Measurements of anonymous service usage

Simplified abstract In the course of some practical research we realised the correlation between latency in the anonymisation system and the number of users logged into it is linear, at least for the Dresden-Dresden cascade. This insight may help designing technical measures to strengthen anonymity that need a higher latency without diminishing the expected user numbers too strong. A performance measurement of different anonymisation services (Tor, AN.ON) gave some clues that the users might have a common tolerance level regarding latency (about 4 seconds), that adjusts itself if the users are randomly distributed on the servers of a service. This was concluded from the unverifiable latency difference between the very frequented Dresden-Dresden cascade and Tor. An analysis of the URLs requested via AN.ON has shown that 33% of them had erotic content, 26% were web-based services (including e-mail), 8% were corporate sites and the rest had very mixed content. Surprisingly, no URLs of web-shops or health portals have been observed. 60% of the users who requested these contents came from Europe, 27% from Asia and 12% from America, whereas the origin of some was not detectable because of the use of JAP-Forwarding-Servers. This means that AN.ON is still a primary inner-european anonymisation service.Users and requested URLs have not been linked together for these studies.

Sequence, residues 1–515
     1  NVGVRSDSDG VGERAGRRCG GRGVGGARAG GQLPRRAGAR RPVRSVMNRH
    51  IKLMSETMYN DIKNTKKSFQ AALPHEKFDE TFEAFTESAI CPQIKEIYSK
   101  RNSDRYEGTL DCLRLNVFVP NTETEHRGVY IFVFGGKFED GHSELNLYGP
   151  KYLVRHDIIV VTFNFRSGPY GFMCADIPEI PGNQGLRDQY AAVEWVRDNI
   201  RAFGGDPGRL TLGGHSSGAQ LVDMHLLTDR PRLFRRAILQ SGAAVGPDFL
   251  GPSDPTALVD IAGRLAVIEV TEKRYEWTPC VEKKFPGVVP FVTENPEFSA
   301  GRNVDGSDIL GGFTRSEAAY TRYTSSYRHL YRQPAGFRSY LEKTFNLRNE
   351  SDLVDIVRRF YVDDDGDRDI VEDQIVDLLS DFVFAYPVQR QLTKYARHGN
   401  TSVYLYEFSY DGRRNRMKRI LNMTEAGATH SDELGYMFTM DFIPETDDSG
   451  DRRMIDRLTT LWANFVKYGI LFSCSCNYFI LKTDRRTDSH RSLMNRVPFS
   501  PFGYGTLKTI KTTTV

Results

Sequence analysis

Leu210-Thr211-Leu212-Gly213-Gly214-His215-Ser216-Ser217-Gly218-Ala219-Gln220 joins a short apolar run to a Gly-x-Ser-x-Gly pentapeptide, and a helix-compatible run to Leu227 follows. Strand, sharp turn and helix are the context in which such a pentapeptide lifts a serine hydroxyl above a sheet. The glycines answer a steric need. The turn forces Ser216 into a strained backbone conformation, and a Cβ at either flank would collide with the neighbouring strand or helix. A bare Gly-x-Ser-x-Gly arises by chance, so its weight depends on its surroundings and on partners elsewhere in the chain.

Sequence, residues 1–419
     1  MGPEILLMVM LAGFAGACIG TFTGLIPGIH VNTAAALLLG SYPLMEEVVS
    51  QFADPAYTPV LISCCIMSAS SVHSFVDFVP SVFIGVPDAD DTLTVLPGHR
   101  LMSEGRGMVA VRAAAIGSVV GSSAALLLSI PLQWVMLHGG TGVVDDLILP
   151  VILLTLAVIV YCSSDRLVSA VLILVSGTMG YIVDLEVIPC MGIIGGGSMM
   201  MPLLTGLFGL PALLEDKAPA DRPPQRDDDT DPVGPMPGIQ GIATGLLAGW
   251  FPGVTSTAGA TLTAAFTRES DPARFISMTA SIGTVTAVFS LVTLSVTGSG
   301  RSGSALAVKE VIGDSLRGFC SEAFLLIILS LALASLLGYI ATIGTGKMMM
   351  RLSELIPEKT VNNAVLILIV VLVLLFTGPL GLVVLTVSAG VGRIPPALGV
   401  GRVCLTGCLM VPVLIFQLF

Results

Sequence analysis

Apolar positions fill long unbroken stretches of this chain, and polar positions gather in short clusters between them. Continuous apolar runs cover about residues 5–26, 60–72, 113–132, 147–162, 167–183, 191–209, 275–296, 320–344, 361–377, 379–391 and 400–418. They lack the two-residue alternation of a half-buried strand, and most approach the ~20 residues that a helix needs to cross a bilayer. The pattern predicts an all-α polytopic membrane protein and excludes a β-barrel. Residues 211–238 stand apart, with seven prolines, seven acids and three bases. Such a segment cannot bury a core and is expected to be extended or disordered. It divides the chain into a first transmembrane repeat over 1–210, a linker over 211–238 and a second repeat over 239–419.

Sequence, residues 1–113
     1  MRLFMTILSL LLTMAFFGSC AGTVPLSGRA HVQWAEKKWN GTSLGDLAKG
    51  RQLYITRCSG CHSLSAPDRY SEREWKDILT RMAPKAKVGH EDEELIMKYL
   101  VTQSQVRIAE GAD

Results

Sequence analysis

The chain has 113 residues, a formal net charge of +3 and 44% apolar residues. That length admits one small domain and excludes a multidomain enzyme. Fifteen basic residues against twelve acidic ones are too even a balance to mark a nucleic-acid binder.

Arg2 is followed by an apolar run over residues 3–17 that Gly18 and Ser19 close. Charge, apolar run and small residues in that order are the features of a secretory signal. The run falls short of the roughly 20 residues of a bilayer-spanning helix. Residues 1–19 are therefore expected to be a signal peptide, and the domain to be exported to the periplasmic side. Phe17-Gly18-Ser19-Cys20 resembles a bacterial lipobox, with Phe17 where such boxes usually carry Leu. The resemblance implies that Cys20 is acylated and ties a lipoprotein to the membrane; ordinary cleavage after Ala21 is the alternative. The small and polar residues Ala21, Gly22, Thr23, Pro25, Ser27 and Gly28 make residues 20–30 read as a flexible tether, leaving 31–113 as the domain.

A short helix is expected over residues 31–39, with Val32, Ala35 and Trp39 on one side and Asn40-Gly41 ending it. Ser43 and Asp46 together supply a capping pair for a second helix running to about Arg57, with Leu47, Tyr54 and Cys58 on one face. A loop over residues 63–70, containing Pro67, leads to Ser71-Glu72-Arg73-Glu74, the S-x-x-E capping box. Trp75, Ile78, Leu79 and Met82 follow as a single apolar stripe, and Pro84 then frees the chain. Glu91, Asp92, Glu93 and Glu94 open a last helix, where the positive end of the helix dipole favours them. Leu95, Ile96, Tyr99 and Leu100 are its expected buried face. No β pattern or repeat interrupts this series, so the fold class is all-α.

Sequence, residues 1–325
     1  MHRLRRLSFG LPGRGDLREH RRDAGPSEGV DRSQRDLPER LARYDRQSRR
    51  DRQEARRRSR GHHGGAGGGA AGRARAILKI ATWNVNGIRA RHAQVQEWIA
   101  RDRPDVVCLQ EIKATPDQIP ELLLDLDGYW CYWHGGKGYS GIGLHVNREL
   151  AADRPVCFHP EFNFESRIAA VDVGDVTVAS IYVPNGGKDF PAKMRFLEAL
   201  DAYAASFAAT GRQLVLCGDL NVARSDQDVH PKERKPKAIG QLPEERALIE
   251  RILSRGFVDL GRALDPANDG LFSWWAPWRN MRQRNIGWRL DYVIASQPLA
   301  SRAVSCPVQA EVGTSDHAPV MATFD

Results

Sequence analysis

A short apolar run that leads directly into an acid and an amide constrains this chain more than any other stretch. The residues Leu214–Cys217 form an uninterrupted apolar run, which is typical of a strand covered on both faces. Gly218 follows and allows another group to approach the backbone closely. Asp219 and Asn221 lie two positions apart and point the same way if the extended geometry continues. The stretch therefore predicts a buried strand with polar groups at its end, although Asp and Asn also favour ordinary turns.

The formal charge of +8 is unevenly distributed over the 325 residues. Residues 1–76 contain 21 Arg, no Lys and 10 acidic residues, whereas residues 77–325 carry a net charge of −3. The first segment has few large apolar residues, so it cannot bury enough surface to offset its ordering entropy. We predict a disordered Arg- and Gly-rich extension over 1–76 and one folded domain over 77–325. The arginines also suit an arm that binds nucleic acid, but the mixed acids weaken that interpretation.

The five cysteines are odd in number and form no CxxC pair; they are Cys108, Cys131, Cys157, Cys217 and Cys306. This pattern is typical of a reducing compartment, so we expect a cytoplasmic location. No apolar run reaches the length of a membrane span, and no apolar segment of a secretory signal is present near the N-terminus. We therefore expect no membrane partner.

• to appear...
  • Stefan Köpsell:
    Low Latency Anonymous Communication - How long are users willing to wait?
    In: Günter Müller (Ed.): Proc. Emerging Trends in Information and Communication Security: International Conference, ETRICS 2006, Freiburg, Germany, June 6-9, 2006, LNCS 3995, Springer-Verlag, Heidelberg 2006, 221--237.
  • Hannes Federrath:
    Privacy Enhanced Technologies: Methods, Markets, Misuse.
    Proc. 2nd International Conference on Trust, Privacy, and Security in Digital Business (TrustBus '05). LNCS 3592, Springer-Verlag, Heidelberg 2005, 1--9.



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Restrictions for the Dresden (JAP) anonymisation servers
After careful consideration we have decided to restrict the size of downloads over the Dresden (JAP) mixes a little. The reason is to allow a more fair use of scarce resources of our servers especially for users who simply want to surf the Web. more...